New Opposition leaders urged to reverse Morrison's inaction on labour issues

ACTU said workers were the "backbone" of the recent federal elections

New Opposition leaders urged to reverse Morrison's inaction on labour issues

The Australian Council of Trade Unions (ACTU) urged the newly elected leaders of the Opposition to "listen to Australians" who voted for change and reverse the inaction of the administration of former Prime Minister Scott Morrison on labour-related issues.

This includes wage growth, insecure work, and gender inequality, according to ACTU, saying that Opposition Leader Peter Dutton and Deputy Opposition Leader Sussan Ley have the chance to change course after a decade of refusing the acknowledge the said issues.

"A decade of the Liberal Party refusing to act to generate wage growth, improve job security or make workplaces safer and more equitable for women has weakened our economy and left millions of workers going backwards," said ACTU secretary Sally McManus.

"As the new leader of his party, Mr. Dutton has a chance to leave behind the failed policies of the last Government and embrace policy settings that will build a stronger and more inclusive economy and workforce."

Australia's recent federal election saw the loss of Morrison's bid to have his second full term as prime minister. He conceded to Labour Party Leader and now Prime Minister Anthony Albanese.

ACTU said Morrison's loss in the election is the "rejection of a government which refused to act to protect the interests of work people."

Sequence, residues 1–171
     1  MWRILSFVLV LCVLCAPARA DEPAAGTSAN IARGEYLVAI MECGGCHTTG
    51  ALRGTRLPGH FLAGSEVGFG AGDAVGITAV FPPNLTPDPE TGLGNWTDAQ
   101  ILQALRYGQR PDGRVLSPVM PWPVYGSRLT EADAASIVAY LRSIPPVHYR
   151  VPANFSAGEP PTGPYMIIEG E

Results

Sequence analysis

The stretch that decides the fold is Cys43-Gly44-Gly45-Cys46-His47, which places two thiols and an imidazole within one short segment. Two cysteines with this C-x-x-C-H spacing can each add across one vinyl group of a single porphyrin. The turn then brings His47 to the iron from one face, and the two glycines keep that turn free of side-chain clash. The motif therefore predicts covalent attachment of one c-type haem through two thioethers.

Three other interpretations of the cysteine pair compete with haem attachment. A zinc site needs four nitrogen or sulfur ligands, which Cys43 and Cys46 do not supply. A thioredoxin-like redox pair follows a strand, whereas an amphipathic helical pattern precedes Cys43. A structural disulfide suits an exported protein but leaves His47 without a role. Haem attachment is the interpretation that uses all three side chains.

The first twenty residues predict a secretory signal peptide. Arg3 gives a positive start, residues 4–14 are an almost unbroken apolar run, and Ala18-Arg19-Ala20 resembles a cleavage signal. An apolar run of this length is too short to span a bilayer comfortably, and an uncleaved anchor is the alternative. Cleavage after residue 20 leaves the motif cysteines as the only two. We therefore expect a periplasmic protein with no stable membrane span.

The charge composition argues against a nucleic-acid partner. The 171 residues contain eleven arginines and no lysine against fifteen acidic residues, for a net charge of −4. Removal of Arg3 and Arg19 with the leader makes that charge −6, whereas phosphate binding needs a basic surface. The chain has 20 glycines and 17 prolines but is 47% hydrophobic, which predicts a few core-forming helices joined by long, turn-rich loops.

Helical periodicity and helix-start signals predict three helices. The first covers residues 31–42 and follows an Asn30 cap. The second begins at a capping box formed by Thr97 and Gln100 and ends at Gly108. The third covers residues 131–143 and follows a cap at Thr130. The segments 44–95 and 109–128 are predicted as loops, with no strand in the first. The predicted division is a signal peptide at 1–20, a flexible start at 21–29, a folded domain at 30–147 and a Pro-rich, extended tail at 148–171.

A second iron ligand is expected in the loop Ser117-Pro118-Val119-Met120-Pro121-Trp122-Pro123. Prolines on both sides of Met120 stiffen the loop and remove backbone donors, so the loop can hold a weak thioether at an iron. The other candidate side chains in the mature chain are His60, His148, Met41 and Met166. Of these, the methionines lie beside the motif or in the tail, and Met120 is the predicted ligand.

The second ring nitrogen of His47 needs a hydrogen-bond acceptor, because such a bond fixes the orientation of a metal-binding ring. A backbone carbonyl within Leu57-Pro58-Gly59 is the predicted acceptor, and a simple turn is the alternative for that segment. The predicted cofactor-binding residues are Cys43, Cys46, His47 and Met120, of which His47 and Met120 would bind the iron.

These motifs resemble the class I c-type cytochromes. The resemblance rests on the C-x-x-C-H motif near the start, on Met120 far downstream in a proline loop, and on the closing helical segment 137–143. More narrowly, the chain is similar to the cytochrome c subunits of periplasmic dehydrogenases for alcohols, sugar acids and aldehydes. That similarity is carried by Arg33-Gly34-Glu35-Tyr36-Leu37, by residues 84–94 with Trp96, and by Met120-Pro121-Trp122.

"Working people have passed judgement on the refusal of the Morrison Government to take action on real wage cuts, insecure work and rising cost of living which working people have struggled through for years under this Government," said McManus in a previous statement. 

"Workers have rejected a government which refused to support a $1 per hour increase for the lowest paid workers in our country, and kept caps in place which denied real wage rises to their own employees."

Read more: ACTU slams government's Summit on Women's Safety

According to ACTU, working people formed the "backbone" of this year's national campaign in the federal election.

This campaign focused on conversations between colleagues in workplaces, over phones, and social media about the failure of the previous administration in delivering services for working people.

ACTU said the campaign, led by working people, ensured that cost of living and wage growth was a "decisive issue" for millions of voters.

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